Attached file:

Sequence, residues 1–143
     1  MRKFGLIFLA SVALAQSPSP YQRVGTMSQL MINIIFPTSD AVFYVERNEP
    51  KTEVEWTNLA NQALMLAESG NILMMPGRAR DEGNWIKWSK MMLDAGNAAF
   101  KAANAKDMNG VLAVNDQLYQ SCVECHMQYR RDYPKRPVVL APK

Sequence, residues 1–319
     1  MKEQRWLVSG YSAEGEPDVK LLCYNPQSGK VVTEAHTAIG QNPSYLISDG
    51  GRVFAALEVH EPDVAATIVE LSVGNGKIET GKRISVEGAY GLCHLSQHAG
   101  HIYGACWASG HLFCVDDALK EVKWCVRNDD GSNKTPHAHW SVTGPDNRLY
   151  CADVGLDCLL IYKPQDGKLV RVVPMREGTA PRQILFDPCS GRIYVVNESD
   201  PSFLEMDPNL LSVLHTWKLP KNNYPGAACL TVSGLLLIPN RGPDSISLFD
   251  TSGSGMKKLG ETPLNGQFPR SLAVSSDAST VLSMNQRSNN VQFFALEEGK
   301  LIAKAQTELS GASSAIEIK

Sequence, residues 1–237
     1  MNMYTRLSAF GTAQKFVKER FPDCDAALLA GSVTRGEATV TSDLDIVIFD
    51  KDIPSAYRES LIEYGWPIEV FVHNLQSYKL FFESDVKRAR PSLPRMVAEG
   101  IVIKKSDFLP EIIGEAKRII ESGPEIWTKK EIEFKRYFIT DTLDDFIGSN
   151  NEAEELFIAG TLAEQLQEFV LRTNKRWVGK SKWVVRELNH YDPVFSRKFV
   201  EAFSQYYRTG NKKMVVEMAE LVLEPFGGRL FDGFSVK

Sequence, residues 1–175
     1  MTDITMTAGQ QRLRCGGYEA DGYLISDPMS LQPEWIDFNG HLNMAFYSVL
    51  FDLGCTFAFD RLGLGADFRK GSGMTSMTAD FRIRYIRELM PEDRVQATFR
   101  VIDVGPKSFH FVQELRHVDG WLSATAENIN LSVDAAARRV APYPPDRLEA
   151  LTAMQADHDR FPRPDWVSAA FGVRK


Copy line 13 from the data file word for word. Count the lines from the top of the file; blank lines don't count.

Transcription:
Sequence, residues 1–237